A Mac is purely simple, and yet sophisticated enough for the power user. I don't want or need a cluttered desktop with icons. I don't want every piece of software (especially new versions of the OS) to end up as only downloads, nor do I appreciate the overuse of gestures. If I wanted an iOS device for a computer, I would go out and buy an iPad, but my money can be better spent on a Mac that can do it all more efficiently and give me the flexibility to decide whether or not Lion is for me (more on that later).
I am writing on my 12" 1.5 GHz PowerBook G4 (2005) running Leopard (2007). It is more computing power than I can imagine needing presently or in the near future. My 1.42 GHz eMac G4 (2005) meets my needs for a desktop, although I've considered a G5 tower due to the bargain basement prices these days on eBay (some with dual processors can be had shipped in the sub-$200 range). I don't need extreme processing power, since I'm not doing heavy streaming or production of HD video, or high-end gaming (I leave that up to my PS3). I do plan on purchasing the 3G version of the PS Vita, which will enhance my PS3 experience and will surely provide amazing multimedia capabilities at about half the cost of a 3G iPad.
Who Cares about Lion?
In closing, my G4 machines still get the job done, and with all the applications that are capable of running on them, I don't need to upgrade right now. Even with the age of the Pismo PowerBook (2000) and the limits it can face online, I am quite content using it from time to time with legacy applications. The experience can be quite enjoyable on "outdated" equipment, so I can't help but shrug my shoulders and say, "Who cares about Lion?" As a gamer, I'm quite content with using my PowerPC "Trucks" for computing and my "Cars," such as the PS3, PSP, and eventually a Vita for consumption devices.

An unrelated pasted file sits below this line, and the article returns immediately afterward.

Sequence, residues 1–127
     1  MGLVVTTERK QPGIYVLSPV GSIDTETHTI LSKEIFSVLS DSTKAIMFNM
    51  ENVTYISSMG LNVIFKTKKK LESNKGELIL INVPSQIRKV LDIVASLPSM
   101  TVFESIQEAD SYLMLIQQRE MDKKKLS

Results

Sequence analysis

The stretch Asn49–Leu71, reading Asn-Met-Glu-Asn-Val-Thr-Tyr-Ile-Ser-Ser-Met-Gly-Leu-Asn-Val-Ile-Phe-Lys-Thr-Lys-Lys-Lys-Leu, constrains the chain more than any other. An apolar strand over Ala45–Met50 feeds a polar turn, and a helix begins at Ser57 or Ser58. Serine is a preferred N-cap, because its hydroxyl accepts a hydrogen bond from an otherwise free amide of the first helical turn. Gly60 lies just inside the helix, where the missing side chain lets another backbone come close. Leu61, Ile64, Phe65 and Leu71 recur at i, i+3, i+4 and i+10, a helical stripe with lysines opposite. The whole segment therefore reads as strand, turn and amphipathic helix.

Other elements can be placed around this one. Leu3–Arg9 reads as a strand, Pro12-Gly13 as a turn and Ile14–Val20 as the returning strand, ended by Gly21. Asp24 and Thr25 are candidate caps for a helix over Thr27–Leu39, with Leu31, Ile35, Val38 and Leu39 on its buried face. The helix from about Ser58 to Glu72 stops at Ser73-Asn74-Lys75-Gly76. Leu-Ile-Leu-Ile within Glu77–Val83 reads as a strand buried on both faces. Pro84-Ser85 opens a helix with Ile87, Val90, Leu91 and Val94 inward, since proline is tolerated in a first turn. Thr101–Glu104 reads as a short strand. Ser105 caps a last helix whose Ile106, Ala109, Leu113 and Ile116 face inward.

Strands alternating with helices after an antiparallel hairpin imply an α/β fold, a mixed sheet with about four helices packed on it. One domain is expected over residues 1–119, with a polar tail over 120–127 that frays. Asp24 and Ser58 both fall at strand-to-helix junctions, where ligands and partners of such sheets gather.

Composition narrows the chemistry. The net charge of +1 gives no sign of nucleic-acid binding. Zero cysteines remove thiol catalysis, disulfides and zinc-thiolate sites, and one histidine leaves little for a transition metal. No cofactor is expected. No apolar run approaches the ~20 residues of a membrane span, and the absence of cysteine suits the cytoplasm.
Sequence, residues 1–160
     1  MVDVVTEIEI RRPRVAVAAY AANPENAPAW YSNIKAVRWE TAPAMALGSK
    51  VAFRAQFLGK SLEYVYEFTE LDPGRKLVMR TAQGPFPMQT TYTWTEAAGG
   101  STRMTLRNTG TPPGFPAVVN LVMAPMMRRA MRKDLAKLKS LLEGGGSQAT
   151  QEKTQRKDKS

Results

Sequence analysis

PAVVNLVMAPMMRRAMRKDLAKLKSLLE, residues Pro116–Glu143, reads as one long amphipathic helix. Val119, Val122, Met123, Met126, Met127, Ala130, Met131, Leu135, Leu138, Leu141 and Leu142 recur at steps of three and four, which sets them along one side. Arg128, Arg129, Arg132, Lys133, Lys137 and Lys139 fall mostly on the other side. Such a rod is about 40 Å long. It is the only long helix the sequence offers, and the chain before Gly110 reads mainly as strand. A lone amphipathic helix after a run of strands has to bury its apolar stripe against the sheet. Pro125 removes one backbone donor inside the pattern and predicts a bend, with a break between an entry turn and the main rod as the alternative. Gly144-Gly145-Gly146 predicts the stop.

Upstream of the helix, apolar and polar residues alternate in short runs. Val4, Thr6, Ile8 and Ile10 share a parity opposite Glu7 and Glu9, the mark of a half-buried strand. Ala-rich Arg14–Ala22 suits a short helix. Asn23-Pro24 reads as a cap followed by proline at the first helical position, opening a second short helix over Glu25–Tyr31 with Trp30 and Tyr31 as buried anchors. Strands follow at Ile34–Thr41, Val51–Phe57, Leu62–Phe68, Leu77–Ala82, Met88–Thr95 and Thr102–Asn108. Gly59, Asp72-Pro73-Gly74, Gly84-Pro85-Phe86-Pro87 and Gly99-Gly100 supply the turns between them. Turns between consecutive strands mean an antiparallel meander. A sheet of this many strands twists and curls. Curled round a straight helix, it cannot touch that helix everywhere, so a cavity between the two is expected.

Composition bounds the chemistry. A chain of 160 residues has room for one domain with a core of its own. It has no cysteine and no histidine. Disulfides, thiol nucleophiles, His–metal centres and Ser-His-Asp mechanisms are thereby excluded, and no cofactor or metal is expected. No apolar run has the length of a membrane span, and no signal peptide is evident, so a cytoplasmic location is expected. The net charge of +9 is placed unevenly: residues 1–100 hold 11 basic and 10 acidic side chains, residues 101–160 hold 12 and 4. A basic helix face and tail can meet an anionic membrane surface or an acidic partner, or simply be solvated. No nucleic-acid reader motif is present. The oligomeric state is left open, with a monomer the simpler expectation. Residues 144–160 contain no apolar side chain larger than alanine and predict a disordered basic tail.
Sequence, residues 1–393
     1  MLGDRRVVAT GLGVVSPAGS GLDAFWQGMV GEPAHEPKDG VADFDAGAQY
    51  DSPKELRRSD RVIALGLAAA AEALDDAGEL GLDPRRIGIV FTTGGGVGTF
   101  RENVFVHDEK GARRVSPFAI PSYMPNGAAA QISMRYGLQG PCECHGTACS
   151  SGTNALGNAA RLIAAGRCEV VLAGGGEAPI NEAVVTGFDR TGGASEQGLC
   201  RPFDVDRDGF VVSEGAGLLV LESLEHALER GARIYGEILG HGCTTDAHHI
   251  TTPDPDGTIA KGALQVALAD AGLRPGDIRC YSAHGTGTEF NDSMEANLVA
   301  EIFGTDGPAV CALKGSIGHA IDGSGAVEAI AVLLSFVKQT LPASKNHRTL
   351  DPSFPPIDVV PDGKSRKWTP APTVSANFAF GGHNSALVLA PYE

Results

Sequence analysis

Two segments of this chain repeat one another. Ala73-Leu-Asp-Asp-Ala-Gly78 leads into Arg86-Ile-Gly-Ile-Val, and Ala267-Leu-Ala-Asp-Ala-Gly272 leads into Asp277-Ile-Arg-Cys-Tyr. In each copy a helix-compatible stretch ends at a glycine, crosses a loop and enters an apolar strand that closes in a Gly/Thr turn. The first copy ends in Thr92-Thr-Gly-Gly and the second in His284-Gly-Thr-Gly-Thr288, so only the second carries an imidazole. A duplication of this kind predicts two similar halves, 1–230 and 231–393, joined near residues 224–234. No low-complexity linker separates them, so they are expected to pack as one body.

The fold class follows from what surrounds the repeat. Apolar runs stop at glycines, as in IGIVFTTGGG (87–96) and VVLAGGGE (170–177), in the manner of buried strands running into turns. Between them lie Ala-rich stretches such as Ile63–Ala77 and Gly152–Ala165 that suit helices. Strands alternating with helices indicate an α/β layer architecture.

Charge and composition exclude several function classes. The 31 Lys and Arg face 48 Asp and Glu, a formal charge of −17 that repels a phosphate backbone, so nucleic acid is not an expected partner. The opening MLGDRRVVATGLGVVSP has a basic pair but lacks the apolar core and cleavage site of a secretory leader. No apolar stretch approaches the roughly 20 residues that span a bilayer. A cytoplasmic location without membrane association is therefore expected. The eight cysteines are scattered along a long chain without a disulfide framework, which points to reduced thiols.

I'll move to an Intel Mac someday, but it will be a machine that will give me the flexibility to use it as I see fit, compared to this post-PC era Lion nonsense that is being crammed down our throats when the newest Macs on the horizon will only run Lion or later.
Both the Early 2008 MacBook Pro and Early 2011 MacBook Pro comes to mind as a potential replacements for my 12" PowerBook G4. The former has the form factor of the Aluminum PowerBook G4, and it has a removable battery (another form of control that has been taken away), while the latter has Thunderbolt, but still ships with Snow Leopard instead of Lion.
As for the desktop, a 27" iMac with Thunderbolt comes to mind due to its amazing screen and value. All will take an install of Lion if I want to try it someday, but I'm in no hurry to join the post-PC revolution.
King of the jungle, hmmph!
I rest my case.
Dan Bashur lives in central Ohio with his wife and children. He uses various PowerPC G3 and G4 Macs running Tiger and Leopard. Besides finding new uses for Macs and other tech, Dan enjoys writing (fantasy novel series in the works), is an avid gamer, and a member of Sony's Gamer Advisor Panel. You can read more of Dan Bashur's work on ProjectGamers.com, where he contributes regular articles about the PSP, classic gaming, and ways you can use Sony gaming hardware with your Mac.